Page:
x Abu Dhabi, UAESaturday 22 July 2017

China awarded first Abu Dhabi oil rig deal

Oilfield services contract a further sign of deepening commercial ties between the world's second-biggest energy consumer and Gulf oil exporters.

An ADNOC drilling rig in Abu Dhabi. Baoji Oilfield Machinery's oilfield services contract is a first for a Chinese state oil firm in the emirate.
An ADNOC drilling rig in Abu Dhabi. Baoji Oilfield Machinery's oilfield services contract is a first for a Chinese state oil firm in the emirate.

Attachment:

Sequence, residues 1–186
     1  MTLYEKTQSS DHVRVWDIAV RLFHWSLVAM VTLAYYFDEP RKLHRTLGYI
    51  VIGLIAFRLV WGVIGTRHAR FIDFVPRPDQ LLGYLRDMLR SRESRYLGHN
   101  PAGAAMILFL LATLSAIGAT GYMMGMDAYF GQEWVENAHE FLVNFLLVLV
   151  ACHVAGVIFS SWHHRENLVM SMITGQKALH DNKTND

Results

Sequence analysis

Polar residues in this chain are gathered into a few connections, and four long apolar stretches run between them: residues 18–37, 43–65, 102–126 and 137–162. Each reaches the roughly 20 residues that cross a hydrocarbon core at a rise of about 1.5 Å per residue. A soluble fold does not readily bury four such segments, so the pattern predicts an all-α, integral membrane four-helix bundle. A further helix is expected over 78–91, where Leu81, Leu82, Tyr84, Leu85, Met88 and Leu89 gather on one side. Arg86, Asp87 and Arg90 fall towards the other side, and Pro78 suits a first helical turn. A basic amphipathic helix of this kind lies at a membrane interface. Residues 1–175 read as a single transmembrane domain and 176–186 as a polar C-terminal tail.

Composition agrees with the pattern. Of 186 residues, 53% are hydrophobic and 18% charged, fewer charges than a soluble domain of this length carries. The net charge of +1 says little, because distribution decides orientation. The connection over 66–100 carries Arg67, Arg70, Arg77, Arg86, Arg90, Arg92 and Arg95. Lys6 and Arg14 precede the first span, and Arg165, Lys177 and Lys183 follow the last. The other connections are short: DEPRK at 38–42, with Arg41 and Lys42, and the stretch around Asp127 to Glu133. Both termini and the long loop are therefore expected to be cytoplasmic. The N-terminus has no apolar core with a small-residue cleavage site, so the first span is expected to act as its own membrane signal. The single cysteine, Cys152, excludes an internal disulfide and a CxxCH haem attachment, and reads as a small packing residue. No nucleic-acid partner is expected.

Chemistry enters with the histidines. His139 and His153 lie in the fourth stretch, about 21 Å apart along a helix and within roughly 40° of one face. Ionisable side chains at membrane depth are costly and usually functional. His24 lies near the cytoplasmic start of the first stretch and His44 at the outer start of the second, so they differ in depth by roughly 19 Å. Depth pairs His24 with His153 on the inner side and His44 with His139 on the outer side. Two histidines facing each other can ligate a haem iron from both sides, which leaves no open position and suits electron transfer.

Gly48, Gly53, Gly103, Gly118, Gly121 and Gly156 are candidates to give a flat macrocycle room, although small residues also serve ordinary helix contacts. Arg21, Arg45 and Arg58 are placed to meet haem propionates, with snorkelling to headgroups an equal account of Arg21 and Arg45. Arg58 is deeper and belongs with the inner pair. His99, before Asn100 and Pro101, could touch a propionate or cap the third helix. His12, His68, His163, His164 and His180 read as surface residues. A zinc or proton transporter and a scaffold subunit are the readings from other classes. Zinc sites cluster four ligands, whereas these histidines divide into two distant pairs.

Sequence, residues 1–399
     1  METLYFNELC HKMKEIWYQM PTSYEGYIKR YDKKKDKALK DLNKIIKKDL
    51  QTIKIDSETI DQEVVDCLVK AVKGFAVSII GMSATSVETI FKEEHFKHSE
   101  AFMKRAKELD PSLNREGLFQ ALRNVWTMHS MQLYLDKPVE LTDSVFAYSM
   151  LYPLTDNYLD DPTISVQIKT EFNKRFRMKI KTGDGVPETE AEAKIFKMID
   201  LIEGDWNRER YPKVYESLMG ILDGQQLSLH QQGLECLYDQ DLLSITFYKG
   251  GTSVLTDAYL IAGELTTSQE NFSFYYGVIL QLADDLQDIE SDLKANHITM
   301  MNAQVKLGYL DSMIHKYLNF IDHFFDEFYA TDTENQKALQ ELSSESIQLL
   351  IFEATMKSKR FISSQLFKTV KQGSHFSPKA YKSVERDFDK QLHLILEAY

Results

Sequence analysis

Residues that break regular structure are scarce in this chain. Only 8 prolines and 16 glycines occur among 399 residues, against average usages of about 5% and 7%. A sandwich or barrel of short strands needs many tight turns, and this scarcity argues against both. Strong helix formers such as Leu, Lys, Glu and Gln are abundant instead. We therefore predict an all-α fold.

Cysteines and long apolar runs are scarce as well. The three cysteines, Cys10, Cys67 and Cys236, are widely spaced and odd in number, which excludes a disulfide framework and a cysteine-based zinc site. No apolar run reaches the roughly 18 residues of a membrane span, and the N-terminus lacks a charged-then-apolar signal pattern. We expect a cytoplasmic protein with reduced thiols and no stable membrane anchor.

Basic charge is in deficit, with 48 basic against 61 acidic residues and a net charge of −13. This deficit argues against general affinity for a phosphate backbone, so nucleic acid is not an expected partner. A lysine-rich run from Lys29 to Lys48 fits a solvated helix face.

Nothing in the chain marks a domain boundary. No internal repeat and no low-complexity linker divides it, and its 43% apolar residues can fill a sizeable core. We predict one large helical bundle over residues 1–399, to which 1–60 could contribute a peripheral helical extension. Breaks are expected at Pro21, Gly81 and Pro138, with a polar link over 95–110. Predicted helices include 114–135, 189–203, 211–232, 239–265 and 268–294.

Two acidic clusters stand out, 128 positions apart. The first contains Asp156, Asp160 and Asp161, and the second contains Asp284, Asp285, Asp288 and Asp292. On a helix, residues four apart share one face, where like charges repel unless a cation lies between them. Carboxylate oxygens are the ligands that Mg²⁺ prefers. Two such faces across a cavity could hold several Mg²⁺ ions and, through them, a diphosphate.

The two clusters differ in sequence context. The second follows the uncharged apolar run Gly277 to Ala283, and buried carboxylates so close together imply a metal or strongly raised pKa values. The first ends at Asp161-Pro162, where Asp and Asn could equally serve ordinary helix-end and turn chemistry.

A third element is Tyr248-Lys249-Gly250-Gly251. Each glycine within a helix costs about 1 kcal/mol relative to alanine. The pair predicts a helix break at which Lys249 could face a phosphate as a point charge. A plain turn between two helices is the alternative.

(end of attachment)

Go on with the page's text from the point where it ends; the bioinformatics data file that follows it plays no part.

A Chinese state oil firm has for the first time won an oilfield services contract in Abu Dhabi, in a sign of deepening commercial ties between the world's second-biggest energy consumer and Gulf oil exporters. National Drilling Company, the drilling unit of the Abu Dhabi National Oil Company (ADNOC), said on Thursday it had awarded an Dh800 million (US$218m) contract to -Baoji Oilfield Machinery, a subsidiary of the China National Petroleum Corporation (CNPC), to supply oil rigs for onshore drilling. The deal closely follows last month's visit to China by Sheikh Mohammed bin Zayed, Crown Prince of Abu Dhabi and Deputy Supreme Commander of the UAE Armed Forces, to foster strategic co-operation with Beijing. During the visit, an agreement between ADNOC and CNPC to work together on oil and petrochemicals projects figured prominently in talks between Sheikh Mohammed and Hu Jintao, the Chinese president. Thursday's agreement adds the UAE to a growing list of regional energy exporters to have welcomed Chinese contractors to their oil and gas sectors. The trend underscores China's growing importance to the Middle East as a reliable customer for crude during a period when western oil consumption has been falling. The Gulf region provides a solid market in tough economic times for a country looking to sell goods and buy energy. "Trade is increasing substantially and at the same time trade between China and the US has been affected by the current financial crisis," said Dr Ibrahim Oweiss, a professor of economics at Georgetown University's School of Foreign Service in Qatar. "Therefore, it's in the best interests of China to develop further relations with the Gulf countries." Earlier this month, Qatar Petroleum awarded a 25-year contract to China National Offshore Oil Corporation (CNOOC) to explore for oil and gas off the coast of Qatar, marking the first time the emirate had awarded a concession to an Asian firm. CNOOC is planning to spend $100m to drill exploration wells in Qatari waters in the next five years. In July, another Chinese state-controlled oil company, Sinopec, won a $140m contract to supply drilling rigs to the Kuwait Oil Company after Kuwait said it was aiming to export 500,000 barrels per day of oil to China by 2015. In the same month, Saudi Aramco awarded three contracts to BGP Arabia, a joint venture between Saudi Arabia's Rafid Group and CNPC, to gather geophysical data on the Manifa oilfield in the Gulf and potential gas deposits in the Rub al Khali (Empty Quarter) and Red Sea. In the downstream petroleum industry, CNPC recently finished building a $385m refinery at Skikda in the north-east of Algeria to process condensate, a liquid byproduct of gas production, to yield fuels such as naphtha, butane and jet fuel. And Kuwait Oil and Sinopec have agreed to build a $9 billion oil refinery in China. Chinese firms have also made inroads into the oil and gas sectors of Iraq and Iran, assuming risks few western firms have been willing or able to take. Last year, CNPC became the first foreign firm in more than 30 years to win a major Iraqi oilfield development contract when it signed a 25-year, $3bn agreement with Baghdad to pump oil from the Al Adhab field. In June, the Chinese company teamed up with Britain's BP to win a 20-year deal to boost output from Iraq's biggest oilfield, Rumaila - the only contract awarded in Iraq's first post-war auction of oil licences. Despite a continuing dispute between Baghdad and the regional government of Iraqi Kurdistan over oil jurisdiction and territory, Sinopec is also testing the waters in the semi-autonomous Kurdish enclave with its recent $7.2bn acquisition of Addax Petroleum, one of the region's first oil producers. In Iran, CNPC last month signed deals with the National Iranian Oil Company to develop the South Azadegan oilfield, which holds more than 5 billion barrels of crude, and to develop the nearby North Azadegan field in two phases, with the first phase expected to cost $1.8bn. In June, it signed a $4.7bn deal to develop phase 11 of Iran's giant South Pars gasfield after Tehran decided to displace the French oil group Total from the project. Iran is under US and UN sanctions over its controversial nuclear programme, which has caused western companies to withhold previously planned investment in Iranian oil and gas developments. Beijing has been among the chief international critics of the sanctions, arguing they are unlikely to persuade Tehran to give up the uranium enrichment programme western powers fear is linked to covert weapons development. Beijing's commercial engagement with Tehran dates back many years and has strengthened during the protracted nuclear spat. Its forays into the Gulf, however, are more recent. Previously, China was better known for its push into Africa, where its state-controlled companies secured major oil concessions in exporting countries such as -Angola. While Beijing has recently broadened its global search for new energy supplies to new regions, including the Middle East, it continues to show strong interest in strengthening its African presence. This week, Ethiopia signed deals worth more than $960m with the Chinese power companies Sinohydro and China Gezhouba Group to develop hydroelectricity and windpower projects. tcarlisle@thenational.ae